Factors that affect the value of an Indian arrowhead include size, material and the condition of the point. The ability to give the location where the arrowhead was found can also affect its price. Documentation of its location, if available, may increase the price.
Material and color play a factor in valuation. Depending on the region in which the arrowhead was found, the material and color may differ. Most pieces have duller colors, such as grays and tans, but arrowheads made of more colorful materials are more valuable. Points hewn from jasper, coral, agate or similar materials usually increase in value over time.
While larger arrowheads tend to fetch higher prices, highly symmetric and thinner points also increase the price. Any nicks, chips, breaks and any other form of damage decrease the arrowhead's value. Arrowheads that have gone through the process of flaking usually have higher values. Flaking results in precision edges and fewer fractures in the material.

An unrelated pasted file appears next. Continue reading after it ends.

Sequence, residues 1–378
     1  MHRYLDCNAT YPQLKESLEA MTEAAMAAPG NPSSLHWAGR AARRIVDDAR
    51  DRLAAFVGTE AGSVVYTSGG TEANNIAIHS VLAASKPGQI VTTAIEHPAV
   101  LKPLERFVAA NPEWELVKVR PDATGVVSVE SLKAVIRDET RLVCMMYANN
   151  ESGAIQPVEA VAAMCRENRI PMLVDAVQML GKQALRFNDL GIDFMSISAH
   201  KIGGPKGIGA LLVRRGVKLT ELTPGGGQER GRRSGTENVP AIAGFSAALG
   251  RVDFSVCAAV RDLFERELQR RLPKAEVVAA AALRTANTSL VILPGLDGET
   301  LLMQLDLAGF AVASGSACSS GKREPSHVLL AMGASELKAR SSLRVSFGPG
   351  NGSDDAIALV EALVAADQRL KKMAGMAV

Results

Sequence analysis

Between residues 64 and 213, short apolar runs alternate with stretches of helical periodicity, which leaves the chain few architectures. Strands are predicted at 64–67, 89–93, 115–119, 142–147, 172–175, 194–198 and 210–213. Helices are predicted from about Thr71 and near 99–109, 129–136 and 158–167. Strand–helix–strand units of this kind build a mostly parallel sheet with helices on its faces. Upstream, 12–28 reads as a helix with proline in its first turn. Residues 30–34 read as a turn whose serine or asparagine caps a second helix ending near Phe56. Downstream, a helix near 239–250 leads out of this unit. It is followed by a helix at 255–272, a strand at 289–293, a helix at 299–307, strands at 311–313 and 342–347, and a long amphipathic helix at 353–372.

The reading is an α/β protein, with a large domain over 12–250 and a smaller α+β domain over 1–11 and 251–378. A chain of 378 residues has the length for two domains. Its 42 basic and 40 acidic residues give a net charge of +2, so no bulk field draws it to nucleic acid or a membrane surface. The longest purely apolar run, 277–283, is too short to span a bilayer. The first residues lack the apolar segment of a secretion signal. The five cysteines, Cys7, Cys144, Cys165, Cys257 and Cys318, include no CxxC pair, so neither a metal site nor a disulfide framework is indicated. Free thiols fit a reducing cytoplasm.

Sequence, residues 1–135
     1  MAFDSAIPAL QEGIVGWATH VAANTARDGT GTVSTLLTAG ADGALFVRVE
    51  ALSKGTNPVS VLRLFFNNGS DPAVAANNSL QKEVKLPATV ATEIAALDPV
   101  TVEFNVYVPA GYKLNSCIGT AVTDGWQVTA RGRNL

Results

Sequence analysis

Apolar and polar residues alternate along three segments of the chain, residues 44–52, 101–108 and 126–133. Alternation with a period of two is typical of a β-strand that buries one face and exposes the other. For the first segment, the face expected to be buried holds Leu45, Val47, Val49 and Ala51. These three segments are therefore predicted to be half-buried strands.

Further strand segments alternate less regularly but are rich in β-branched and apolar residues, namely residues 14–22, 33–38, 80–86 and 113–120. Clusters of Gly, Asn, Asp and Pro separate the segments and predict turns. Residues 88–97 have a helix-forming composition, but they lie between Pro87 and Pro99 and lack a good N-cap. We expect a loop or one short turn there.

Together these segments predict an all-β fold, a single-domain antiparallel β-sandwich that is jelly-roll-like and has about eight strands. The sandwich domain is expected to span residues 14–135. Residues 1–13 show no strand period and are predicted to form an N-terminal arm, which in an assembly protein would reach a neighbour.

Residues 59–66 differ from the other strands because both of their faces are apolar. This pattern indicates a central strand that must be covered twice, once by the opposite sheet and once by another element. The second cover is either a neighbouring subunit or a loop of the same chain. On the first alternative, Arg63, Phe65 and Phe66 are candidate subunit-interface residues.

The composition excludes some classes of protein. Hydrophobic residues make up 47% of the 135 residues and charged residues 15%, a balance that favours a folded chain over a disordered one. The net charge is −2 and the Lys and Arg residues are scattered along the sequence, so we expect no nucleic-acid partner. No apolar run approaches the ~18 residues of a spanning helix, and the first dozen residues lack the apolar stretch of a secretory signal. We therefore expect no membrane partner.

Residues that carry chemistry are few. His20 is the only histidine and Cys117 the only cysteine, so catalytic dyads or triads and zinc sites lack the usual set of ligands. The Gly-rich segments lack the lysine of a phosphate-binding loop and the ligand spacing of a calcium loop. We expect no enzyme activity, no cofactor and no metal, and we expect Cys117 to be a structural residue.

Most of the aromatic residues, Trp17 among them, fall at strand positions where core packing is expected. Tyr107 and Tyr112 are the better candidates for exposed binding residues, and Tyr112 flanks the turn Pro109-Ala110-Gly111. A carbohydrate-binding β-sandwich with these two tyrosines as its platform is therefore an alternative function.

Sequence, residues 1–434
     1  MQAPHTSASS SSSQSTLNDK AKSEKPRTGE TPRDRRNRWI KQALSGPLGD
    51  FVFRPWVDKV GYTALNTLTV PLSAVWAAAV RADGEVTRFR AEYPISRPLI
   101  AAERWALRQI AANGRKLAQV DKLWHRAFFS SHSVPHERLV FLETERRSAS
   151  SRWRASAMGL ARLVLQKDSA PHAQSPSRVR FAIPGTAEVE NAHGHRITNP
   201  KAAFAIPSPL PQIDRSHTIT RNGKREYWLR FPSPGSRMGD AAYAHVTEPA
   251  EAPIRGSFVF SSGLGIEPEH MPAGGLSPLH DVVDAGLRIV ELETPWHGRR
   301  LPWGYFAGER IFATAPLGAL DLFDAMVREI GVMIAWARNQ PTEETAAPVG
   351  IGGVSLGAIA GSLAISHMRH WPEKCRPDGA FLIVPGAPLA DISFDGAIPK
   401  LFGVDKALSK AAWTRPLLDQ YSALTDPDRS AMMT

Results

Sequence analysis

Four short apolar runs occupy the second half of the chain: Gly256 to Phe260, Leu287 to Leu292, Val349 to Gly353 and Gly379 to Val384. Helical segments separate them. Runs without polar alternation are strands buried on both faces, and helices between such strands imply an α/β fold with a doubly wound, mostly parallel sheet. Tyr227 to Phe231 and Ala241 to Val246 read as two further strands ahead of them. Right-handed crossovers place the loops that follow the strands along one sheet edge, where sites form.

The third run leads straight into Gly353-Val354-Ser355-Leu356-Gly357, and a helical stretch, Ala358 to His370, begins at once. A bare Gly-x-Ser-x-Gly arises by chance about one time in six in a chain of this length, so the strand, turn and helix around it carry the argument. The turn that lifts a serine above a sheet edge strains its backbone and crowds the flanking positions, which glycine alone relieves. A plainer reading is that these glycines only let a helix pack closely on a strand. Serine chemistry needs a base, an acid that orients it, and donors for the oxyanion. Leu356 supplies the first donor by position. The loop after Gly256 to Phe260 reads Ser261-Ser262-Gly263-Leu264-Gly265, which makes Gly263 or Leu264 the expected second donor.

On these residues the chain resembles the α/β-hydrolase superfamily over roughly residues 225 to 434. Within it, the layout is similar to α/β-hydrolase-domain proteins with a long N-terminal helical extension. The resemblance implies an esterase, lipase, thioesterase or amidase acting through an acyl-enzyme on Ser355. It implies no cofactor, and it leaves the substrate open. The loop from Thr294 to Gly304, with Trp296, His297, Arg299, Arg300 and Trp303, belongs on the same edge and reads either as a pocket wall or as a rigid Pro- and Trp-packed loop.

A rating system exists for arrowheads, ranging from g1 to g10, with g10 being a perfect point. However, a buyer should not make a purchase on the grade alone, as personal preferences should ultimately make that determination.
The Overstreet Identification and Price Guide to Indian Arrowheads serves as a good resource for arrowhead collectors looking for more information.